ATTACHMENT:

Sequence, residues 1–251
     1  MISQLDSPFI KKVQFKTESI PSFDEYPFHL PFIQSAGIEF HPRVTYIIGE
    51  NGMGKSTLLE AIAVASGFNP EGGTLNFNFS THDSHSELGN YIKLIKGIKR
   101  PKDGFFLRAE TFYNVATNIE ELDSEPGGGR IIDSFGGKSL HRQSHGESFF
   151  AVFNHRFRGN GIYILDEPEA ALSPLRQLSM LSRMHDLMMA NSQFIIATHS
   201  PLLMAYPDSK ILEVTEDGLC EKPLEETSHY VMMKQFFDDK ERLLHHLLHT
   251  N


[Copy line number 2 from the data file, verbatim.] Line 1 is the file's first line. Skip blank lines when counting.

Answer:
     1  MISQLDSPFI KKVQFKTESI PSFDEYPFHL PFIQSAGIEF HPRVTYIIGE